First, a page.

Net Neutrality ApprovedAdded: Friday, December 24th, 2010
Category: Recent Headlines Involving File Sharing > Current Events
Tags:ET, p2p, Torrent, Piracy, Peer To Peer, Network, Hackers, Internet, BitTorrent, Google, utorrent, bitcomet, extratorrent, 2010, www.extrattorrent.com
FCC approved legislation that requires all broadband providers to publicly disclose their network traffic management practices. Besides, the law restricts ISPs from blocking legitimate content and applications, and from “discrimination” of legal traffic.
Today the FCC decided to preserve online freedom and openness, and established the first regulations to govern the web. All broadband providers are required to publicly reveal their network traffic management practices, and are restricted from blocking lawful material. The FCC’s Chairman made the excellent point that unless they guarantee free access to all legitimate material located online Internet service providers were able to take advantage of their position and prevent their competitors from luring away their subscribers. In fact, ISPs have natural business incentives to leverage their functions of online gatekeepers, thus stifling innovation and restricting the benefits of the web.
Commissioner Mignon Clyburn, representing Democrats, explained that she would have also extended Net Neutrality legislation to mobile connections, plus banned usage-based billing outright, and voiced a willing to guarantee that an open web can be accessed by all end users, whatever their classification is.
On the other hand, Commissioner Meredith Attwell Baker, from Republicans, complained that it wasn’t a consumer-driven decision, because it just foolishly tries to fix somewhat that isn’t yet broken.
Actually, their statements correspond with their political views. Republican commissioners think the private sector is probably best suited to solving problems in the market, which means that since there hadn’t been no identifiable problems, the FCC shouldn’t have interfered.
Meanwhile, the Democrats counter that broadband providers often lack real competition in the market, so US citizens have a need for legislation in place protecting the openness of their online connections.
One thing remains clear: if Internet users had lots of broadband providers to choose from, the discussion about the Net Neutrality legislation would be much different. Nevertheless, fixed line broadband is still clustered in regional monopolies where Internet service providers hold sway over a captive subscriber base. So, the private sector can’t be considered suited best to address the problem on its own if consumers aren’t able to force its hand by selecting a competing service.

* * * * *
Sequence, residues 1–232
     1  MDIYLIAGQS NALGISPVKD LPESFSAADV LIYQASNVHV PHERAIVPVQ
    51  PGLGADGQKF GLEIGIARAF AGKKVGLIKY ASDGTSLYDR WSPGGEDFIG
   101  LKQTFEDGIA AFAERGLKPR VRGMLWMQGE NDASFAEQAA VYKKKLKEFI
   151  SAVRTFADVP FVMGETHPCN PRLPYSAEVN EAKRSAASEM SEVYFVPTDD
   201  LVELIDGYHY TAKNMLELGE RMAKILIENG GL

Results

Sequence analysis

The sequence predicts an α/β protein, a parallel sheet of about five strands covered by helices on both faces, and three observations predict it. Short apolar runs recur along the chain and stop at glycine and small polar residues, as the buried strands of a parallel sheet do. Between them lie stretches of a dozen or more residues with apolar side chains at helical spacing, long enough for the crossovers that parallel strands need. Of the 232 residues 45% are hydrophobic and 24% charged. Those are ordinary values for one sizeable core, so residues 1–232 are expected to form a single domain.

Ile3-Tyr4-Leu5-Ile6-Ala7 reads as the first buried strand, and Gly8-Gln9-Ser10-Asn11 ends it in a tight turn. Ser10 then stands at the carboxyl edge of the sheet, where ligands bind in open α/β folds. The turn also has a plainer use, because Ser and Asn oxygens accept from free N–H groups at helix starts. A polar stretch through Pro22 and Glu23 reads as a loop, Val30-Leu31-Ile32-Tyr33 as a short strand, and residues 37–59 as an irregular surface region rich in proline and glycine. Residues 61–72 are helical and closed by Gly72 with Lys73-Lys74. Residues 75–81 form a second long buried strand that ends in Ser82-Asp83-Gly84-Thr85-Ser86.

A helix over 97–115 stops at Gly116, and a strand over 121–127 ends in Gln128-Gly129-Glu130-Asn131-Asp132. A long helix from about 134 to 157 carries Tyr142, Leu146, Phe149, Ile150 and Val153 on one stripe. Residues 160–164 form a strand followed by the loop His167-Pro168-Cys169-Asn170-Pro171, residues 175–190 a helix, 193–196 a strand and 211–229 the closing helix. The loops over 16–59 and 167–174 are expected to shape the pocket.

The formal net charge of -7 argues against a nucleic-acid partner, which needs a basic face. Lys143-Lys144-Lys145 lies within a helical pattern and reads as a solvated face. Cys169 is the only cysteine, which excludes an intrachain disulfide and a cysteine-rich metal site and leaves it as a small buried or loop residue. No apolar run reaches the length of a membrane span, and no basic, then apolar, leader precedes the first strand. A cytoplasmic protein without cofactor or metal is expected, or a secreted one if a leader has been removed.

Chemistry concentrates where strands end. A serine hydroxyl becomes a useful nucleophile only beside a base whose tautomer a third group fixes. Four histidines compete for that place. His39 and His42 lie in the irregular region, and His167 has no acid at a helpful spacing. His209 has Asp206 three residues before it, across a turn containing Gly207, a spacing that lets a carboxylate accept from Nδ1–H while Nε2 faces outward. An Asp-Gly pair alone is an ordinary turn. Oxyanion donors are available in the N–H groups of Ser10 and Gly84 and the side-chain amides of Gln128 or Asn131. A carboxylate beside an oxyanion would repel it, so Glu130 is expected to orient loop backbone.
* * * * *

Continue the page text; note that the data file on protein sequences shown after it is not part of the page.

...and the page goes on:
December 24th, 2010Posted by:
Friday, December 24th, 2010
|I say anyone messing with the internet, be it the government or the corporations is a bad idea.|
|Erosion starts with one small drop of water carrying off one small grain of soil. Net Neutrality seems the same in a small almost imperceptible law carries away the tiniest grain of internet freedom then one more then one more, until nothing is left.|
|posted by (2010-12-25 16:04:58)|
|was always guna happen and this is just the begining|
|The concept behind Net Neutrality is to keep the Internet free, not to restrict it's freedoms (not even a little grain of sand). It basically says that an ISP can not prioritise and/or block Internet traffic based on source, destination, port, or type of traffic. As someone whom I'm assuming uses the bittorrent protocol you should be for this legislation, as bittorrent traffic is on the top of the list of the types of Internet traffic that ISPs want to either block or limit P2P traffic. The whole concept of Net Neutrality came into being when Comcast got sued for blocking bittorrent traffic on their network. |
It's Net Neutrality that will allow all your VOIP services to continue to work, because as most ISP sell their own brand of phone service (either a voip package itself or old fashion landlines) it's in their best interest to not allow you to use another SIP provider that's most likely significantly cheaper... I mean it's so unfair when the government steps in and forces private companies to be competitive and not take advantage of the monopolies they have (that is the Republican view point).
|Finally one small step, it doesn't solve the problem. but it does make one huge difference.|
|@first two posters|
Net Neutrality is a good thing. It prevents ISPs from filtering or restricting (policing) the internet for you. Some companies have even suggested the idea of charging different rates for using different parts of the internet.
View SxePhils description of what it is. He has a great Analogy for it.
|Pirating software or movies should be legal.||
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